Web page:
Social Capitalist Values & Competencies

I realized we didn't have our Social Capitalist Values and Competencies together in one spot on our website, so am remedying that by posting here, starting with our Social Capitalist Values.
  1. Relationships are central—to strengthening communities, to individual well-being. 
  2. We can do more by working together.
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Social Capital Still on Their Minds

Two years ago, the SCI Board completed a strategic planning process that placed "Developing Social Capitalists" at the heart of our work.  A key underlying premise is that by providing emerging leaders skills and tools they need to engage others, they will have significant community impact over time, long after they have completed their participation with SCI.  

I would love to increase our capacity to track the long-term impact of our Social Capitalists; but meanwhile, hearing from SCI alumni about how their participation continues to influence them provides some qualitative feedback that suggests we're on the right track.  This thought was prompted by hearing from Ivan Hauck, who was our first AmeriCorps member serving in Dorchester six years ago, where he helped start the SCI Dorchester Youth Council. When reconnecting over LinkedIn recently, Ivan said, "I still keep a picture of our Dorchester Youth Council on my desk and talk about 'Bowling Alone' and the idea of social capital on a regular basis."  Read more

Top 2010 Social Capital Readings

With the New Year's Eve ball set to drop tonight, I guess it's not too late to add yet one more "best of 2010" articles to the mix.  I thought I'd share some of the most interesting books I read this year with a social capital or community building theme. There was a modest sample size, as many of the books I read are a change of pace from social capital topics and thus don't qualify.   That said, here are more top social capital books from 2010. Read more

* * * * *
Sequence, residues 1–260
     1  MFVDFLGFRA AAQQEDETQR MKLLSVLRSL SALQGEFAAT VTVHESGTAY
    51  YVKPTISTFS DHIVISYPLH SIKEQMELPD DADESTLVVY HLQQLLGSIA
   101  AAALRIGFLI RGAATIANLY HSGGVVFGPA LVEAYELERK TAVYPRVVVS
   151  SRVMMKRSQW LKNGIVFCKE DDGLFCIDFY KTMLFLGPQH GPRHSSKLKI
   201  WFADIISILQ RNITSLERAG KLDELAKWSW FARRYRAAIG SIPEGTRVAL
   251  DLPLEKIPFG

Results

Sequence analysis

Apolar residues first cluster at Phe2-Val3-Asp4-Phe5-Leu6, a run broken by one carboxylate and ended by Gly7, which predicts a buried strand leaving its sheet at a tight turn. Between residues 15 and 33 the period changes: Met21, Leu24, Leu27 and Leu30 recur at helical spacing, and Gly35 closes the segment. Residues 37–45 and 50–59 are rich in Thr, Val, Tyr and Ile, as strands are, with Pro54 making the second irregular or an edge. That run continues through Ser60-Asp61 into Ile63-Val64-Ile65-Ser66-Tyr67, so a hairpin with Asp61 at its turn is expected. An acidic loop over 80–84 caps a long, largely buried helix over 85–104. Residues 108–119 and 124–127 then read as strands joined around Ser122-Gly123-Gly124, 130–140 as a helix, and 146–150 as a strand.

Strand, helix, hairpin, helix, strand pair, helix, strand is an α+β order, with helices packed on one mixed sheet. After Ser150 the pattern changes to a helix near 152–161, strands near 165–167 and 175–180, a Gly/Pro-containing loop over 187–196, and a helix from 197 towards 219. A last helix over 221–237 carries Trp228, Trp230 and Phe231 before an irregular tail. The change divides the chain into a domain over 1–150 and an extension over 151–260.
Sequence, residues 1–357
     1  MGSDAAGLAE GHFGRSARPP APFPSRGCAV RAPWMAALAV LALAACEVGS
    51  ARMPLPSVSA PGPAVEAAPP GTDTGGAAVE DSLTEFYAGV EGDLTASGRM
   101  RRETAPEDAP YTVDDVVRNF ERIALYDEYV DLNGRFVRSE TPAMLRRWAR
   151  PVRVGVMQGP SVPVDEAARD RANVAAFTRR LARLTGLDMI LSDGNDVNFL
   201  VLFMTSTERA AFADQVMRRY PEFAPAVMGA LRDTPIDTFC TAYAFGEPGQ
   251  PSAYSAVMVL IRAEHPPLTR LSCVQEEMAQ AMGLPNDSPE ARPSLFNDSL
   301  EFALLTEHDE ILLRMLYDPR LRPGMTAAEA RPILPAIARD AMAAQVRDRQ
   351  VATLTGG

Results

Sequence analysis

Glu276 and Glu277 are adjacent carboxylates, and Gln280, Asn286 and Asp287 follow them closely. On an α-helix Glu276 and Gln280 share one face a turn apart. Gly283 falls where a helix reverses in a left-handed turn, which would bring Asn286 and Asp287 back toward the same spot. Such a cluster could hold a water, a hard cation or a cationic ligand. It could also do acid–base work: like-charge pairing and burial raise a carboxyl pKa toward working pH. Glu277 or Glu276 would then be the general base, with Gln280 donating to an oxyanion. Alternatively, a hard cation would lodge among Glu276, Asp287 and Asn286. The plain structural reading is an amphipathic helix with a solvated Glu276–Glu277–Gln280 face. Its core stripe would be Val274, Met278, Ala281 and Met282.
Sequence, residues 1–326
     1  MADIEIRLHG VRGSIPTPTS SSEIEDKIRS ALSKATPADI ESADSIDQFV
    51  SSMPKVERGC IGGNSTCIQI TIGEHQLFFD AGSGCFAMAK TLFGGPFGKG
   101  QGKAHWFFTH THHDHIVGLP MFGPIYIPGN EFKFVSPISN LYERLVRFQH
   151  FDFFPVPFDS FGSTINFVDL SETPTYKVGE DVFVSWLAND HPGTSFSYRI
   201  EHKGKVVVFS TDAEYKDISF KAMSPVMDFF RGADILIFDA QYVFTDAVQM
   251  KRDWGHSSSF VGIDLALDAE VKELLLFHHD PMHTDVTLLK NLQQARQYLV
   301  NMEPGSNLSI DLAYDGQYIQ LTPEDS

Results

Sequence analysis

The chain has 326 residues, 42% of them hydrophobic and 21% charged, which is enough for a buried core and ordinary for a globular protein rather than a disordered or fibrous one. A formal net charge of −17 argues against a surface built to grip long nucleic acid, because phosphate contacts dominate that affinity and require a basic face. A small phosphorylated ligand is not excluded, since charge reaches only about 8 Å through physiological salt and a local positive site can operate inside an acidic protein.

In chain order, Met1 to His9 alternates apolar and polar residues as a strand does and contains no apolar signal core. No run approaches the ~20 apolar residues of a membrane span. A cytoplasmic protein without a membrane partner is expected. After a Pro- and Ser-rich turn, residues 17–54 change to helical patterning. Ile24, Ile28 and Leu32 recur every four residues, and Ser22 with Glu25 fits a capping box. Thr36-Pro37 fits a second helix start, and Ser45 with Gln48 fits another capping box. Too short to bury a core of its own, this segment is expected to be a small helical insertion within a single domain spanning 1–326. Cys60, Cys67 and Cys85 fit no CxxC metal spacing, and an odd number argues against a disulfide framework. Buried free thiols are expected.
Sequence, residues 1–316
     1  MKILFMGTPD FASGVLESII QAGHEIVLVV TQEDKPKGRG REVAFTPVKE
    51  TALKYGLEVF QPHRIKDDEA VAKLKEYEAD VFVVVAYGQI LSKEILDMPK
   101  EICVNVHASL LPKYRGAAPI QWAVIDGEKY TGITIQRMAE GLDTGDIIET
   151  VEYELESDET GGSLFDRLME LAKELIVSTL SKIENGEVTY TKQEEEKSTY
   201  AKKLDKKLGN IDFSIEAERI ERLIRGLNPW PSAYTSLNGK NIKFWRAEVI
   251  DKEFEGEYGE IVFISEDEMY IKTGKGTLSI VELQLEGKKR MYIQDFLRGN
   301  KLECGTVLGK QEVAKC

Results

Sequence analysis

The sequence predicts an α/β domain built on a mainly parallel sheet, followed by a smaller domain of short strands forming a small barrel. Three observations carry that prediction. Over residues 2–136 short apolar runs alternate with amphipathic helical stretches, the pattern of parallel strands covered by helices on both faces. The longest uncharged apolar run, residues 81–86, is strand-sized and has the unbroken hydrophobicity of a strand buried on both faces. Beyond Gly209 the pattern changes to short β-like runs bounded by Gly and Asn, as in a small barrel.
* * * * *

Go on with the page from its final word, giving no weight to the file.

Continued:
Seven Top Social Capital Stories of the Week

Wow, there was a lot happening in the social capital world this week! Granted, our mission has us interested in a wide range of subject areas; but this week seemed particularly chock-full of relevant stories and studies.  So I'm going to start early on my resolution to blog more regularly, and recap the top stories I came across this week.

Walkable Cities & Social Capital  A recent University of New Hampshire study found that more walkable cities have higher social capital--this article recaps the study nicely.  I suppose it's no big surprise that walking around one's neighborhood would build social capital--greeting familiar faces and maybe even stopping to chat. However, it's always nice to have our guesses confirmed with data! Those of us in the Boston area can thus take heart that placing high on the list of most walkable cities--it's good for our social capital and our health!  Read more

Connected, even if we’re Bowling Alone

Though Robert Putnam's Bowling Alone isn't mentioned until p. 188 in Connected:  The Surprising Power of Our Social Networks, I read Connected as an important follow-up to Bowling Alone.  Putnam's work describes the importance of social capital, and the precipitous decline of that social capital was a primary reason I started Social Capital Inc. in 2002.  While Putnam’s work tells us that social capital matters, Connected provides more insight into why our social networks are so important.
 
When out promoting SCI’s mission, I’m often sharing social capital "factoids”, and find that these nuggets have a certain "gee whiz" quality to them.